The Forks Market is an excellent place to start. The confluence of the Red and Assiniboine Rivers is a historical landmark and the birthplace of this city. Its location in the centre of town makes it a convenient starting point for both planned and unplanned itineraries. Get on a boat and see the sights riverwise, or just wander about and take in the rich history of the area. The Historic Port is a picturesque little harbor that has seen traffic for hundreds of years. The Assiniboine River Walk, when not flooded, provides walkers with a paved path along this River, where visitors can take their time to enjoy the sights; bike trails and tours are also available here. Aside from this more pastoral aspect, The Forks is a thriving market and meeting place. The Explore Manitoba Centre offers an overview of local history and culture; the Manitoba Children's Museum promotes education through activities; and Johnston Terminal , a converted distribution warehouse, has numerous boutiques for the souvenir minded. Hungry? There is an astounding array of edibles on offer. Not only are there several major restaurants on site, but also the market has produce this writer has never even seen before; and it hosts a food court where cuisine from nearly every ethnic background can be enjoyed. The Forks has a hotline at 1 204 957 7618.
Within a half-hour walk of The Forks are numerous attractions considered a must-see for visitors to Winnipeg. Go south on Main St to Broadway, and then west, and you'll encounter the Manitoba Legislative Building . There are beautifully groomed grounds and fountains that make this a great picnic spot, or you can take the in-house tour and see the cupola from the inside. Perched atop this historical building is the Winnipeg standard, the Golden Boy statue.
Walking north on Main, from the Forks, visitors will find the Manitoba Museum of Man and Nature/Planetarium/Concert Hall complex. The museum showcases natural and local history and houses a full-size replica of the Nonsuch, the historical sailing vessel used by Hudson's Bay fur traders. The Touch the Universe centre is a hands-on area where kids can develop their love of science. Be sure to check out one of the spectacular laser-lighted performances in the Planetarium.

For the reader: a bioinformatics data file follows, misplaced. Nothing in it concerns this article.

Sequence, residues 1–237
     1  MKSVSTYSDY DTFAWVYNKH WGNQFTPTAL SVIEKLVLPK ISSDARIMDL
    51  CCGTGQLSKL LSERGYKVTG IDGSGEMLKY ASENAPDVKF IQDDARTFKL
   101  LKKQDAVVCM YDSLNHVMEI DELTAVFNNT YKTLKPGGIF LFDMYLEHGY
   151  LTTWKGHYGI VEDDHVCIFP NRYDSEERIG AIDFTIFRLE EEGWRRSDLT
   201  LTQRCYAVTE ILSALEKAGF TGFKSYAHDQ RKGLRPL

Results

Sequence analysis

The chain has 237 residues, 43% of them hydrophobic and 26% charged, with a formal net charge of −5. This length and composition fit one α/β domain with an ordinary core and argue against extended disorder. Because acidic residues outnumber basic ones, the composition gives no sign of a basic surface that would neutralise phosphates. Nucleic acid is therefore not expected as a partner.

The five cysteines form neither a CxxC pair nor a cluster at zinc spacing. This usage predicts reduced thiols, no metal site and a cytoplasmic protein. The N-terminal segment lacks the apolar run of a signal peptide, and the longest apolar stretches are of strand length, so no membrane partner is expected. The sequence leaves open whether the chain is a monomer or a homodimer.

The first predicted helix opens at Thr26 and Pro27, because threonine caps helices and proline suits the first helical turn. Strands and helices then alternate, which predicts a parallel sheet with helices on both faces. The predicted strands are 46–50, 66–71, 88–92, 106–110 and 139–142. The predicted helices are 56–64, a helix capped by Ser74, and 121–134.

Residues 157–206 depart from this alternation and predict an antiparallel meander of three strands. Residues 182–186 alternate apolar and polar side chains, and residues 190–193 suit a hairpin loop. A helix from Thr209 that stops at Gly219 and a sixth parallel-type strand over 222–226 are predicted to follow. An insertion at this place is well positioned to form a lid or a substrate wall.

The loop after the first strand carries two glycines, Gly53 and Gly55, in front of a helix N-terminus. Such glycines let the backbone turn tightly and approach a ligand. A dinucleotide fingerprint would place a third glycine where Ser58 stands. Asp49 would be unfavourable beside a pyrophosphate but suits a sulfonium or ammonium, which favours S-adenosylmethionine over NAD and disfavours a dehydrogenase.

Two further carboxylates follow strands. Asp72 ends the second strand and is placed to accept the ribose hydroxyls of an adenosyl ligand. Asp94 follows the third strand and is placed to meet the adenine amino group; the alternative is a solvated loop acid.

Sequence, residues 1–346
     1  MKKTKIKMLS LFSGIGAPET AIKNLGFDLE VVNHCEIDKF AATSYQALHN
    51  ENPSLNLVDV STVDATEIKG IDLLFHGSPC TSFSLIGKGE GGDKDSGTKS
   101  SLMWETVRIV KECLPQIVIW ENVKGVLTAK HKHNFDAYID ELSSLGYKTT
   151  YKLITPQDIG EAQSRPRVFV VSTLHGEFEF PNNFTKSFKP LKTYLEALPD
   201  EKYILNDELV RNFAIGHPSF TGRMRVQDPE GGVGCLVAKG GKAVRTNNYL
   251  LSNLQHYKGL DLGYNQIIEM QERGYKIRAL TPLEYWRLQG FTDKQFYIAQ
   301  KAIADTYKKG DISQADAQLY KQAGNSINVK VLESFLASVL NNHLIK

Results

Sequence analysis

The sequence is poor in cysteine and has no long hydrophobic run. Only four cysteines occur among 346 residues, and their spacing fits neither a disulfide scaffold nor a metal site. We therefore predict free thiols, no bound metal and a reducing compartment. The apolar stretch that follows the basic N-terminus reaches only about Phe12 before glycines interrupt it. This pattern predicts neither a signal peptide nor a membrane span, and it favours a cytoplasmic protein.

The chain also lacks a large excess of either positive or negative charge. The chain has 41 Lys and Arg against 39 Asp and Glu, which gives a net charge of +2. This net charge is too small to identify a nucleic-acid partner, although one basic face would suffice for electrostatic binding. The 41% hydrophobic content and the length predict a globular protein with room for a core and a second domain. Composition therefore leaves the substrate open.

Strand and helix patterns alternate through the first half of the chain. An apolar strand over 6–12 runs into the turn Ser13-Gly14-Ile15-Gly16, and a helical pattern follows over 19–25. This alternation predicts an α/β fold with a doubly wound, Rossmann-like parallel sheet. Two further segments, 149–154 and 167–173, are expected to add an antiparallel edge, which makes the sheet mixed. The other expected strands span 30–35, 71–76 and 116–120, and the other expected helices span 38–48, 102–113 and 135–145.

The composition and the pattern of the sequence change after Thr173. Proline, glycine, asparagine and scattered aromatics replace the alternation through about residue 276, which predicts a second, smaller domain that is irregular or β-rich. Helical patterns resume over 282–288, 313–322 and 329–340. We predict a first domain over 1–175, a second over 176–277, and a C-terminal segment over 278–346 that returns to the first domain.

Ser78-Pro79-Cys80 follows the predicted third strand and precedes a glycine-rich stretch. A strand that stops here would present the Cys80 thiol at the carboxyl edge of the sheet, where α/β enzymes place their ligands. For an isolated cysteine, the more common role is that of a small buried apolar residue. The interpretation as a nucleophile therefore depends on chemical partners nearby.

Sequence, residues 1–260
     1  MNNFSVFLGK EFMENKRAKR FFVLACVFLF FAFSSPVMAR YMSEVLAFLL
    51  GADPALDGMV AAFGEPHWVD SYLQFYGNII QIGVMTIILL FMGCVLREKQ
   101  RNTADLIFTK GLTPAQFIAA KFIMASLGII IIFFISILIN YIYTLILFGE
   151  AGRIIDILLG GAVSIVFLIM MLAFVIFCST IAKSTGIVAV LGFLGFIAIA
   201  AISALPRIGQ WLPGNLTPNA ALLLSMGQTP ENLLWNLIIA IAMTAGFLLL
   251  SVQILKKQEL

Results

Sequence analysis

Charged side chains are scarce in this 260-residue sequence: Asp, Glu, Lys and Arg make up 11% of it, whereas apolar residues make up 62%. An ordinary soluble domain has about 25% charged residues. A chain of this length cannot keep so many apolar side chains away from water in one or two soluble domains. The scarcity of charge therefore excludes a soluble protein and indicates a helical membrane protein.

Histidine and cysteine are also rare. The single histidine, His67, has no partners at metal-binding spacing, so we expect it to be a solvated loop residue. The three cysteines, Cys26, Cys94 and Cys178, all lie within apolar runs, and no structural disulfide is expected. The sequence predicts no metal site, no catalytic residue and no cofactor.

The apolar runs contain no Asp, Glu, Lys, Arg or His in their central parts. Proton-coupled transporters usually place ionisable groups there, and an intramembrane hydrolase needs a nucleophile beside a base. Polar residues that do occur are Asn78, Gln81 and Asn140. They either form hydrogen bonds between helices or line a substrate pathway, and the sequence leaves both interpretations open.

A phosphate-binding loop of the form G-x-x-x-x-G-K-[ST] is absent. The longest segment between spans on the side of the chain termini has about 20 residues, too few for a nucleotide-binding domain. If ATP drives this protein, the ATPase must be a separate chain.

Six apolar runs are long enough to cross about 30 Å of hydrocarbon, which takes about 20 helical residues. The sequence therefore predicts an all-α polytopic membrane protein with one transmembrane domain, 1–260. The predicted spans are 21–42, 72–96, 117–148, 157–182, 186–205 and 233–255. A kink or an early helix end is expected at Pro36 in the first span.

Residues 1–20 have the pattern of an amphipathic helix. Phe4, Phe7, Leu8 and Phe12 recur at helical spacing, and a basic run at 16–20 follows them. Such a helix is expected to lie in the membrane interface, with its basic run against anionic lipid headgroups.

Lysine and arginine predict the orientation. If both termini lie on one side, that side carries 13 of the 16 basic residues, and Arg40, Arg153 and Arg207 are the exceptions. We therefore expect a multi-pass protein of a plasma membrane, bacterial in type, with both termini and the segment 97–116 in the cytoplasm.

Now go west on Portage Ave to Memorial Blvd to find the Winnipeg Art Gallery. This space has no permanent exhibitions; so regular visitors to the city can expect to find something different nearly every time they come back. Incidentally, while touring around downtown visitors will encounter numerous galleries and shops with an amazing variety of artworks and trinkets. This is especially true for the Exchange District , Osborne Village and Little Italy.
Visitors coming into the city by air will find some excellent attractions near the Airport. The Western Canada Aviation Museum is one of the world's leading historical aircraft restoration facilities. It has a kid's activity centre and a flight simulator, making it a great stop for aircraft buffs both young and old. About five miles south of the Airport is Assiniboine Park Zoo . There is much to see here, so taking one of the Park's tours is advisable. Aside from the picnic grounds and sports fields, the zoo has a Discovery Centre, Petting Zoo, and mini-train ride for the kids, a Botanical House and Conservatory for botany enthusiasts, and the Leo Mol Sculpture Garden for art lovers.
Winnipeg has much to offer in the peripheral areas, as well. The Red River Floodway and Corn Maze, both at the southern limit of town, are good examples. The locks at Lockport, about 15 minutes north of the city, are another. The Floodway and Lockport don't give tours but are public spaces of great interest to those who love engineering marvels. Good fishing at these spots, too.